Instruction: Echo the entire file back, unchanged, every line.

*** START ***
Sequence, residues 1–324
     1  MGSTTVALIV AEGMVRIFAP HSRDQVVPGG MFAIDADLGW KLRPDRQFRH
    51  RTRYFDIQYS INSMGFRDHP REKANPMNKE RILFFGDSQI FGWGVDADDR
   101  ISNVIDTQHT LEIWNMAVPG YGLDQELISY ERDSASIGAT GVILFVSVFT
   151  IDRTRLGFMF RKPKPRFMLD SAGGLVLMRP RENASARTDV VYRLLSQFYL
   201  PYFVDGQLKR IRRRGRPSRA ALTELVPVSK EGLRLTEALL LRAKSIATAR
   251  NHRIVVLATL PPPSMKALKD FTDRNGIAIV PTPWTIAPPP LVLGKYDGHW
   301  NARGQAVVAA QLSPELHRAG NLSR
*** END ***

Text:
Sequence, residues 1–324
     1  MGSTTVALIV AEGMVRIFAP HSRDQVVPGG MFAIDADLGW KLRPDRQFRH
    51  RTRYFDIQYS INSMGFRDHP REKANPMNKE RILFFGDSQI FGWGVDADDR
   101  ISNVIDTQHT LEIWNMAVPG YGLDQELISY ERDSASIGAT GVILFVSVFT
   151  IDRTRLGFMF RKPKPRFMLD SAGGLVLMRP RENASARTDV VYRLLSQFYL
   201  PYFVDGQLKR IRRRGRPSRA ALTELVPVSK EGLRLTEALL LRAKSIATAR
   251  NHRIVVLATL PPPSMKALKD FTDRNGIAIV PTPWTIAPPP LVLGKYDGHW
   301  NARGQAVVAA QLSPELHRAG NLSR